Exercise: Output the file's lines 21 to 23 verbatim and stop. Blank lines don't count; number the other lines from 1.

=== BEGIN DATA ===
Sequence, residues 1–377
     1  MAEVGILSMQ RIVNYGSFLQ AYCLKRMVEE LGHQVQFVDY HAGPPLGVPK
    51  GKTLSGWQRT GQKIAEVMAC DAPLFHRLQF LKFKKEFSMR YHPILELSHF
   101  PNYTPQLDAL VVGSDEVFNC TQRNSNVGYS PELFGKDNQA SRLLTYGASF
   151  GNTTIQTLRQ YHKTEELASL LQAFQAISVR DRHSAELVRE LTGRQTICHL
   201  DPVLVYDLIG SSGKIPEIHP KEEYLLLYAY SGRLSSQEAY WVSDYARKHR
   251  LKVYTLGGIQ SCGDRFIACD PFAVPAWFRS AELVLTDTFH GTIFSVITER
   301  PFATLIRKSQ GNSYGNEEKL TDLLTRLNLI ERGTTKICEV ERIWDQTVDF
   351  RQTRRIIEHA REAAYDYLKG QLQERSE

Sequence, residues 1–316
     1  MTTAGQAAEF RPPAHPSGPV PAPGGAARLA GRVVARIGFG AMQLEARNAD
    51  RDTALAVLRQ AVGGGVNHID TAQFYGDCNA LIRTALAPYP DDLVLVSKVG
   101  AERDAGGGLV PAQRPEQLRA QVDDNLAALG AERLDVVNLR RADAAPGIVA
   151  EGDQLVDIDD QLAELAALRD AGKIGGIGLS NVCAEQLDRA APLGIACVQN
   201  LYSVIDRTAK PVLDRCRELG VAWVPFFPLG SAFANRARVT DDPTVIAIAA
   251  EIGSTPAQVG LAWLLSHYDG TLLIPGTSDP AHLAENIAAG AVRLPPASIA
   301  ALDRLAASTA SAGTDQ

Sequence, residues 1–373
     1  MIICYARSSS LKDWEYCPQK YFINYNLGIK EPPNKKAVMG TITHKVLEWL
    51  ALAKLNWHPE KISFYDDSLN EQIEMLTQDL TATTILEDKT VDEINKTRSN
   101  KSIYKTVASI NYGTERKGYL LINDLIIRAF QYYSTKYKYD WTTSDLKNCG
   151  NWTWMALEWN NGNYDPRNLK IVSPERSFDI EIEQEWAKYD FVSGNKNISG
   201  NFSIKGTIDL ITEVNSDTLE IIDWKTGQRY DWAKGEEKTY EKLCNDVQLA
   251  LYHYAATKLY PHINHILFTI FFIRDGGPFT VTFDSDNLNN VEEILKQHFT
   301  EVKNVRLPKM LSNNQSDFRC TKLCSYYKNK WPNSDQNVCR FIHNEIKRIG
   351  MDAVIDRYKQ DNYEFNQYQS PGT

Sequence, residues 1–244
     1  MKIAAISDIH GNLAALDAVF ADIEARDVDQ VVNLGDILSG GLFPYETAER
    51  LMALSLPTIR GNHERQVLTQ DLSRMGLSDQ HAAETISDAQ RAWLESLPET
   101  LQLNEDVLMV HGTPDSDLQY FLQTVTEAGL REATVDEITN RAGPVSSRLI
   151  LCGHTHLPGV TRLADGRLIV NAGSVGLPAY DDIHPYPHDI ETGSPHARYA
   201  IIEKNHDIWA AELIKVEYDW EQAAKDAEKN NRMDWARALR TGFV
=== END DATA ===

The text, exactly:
   101  KSIYKTVASI NYGTERKGYL LINDLIIRAF QYYSTKYKYD WTTSDLKNCG
   151  NWTWMALEWN NGNYDPRNLK IVSPERSFDI EIEQEWAKYD FVSGNKNISG
   201  NFSIKGTIDL ITEVNSDTLE IIDWKTGQRY DWAKGEEKTY EKLCNDVQLA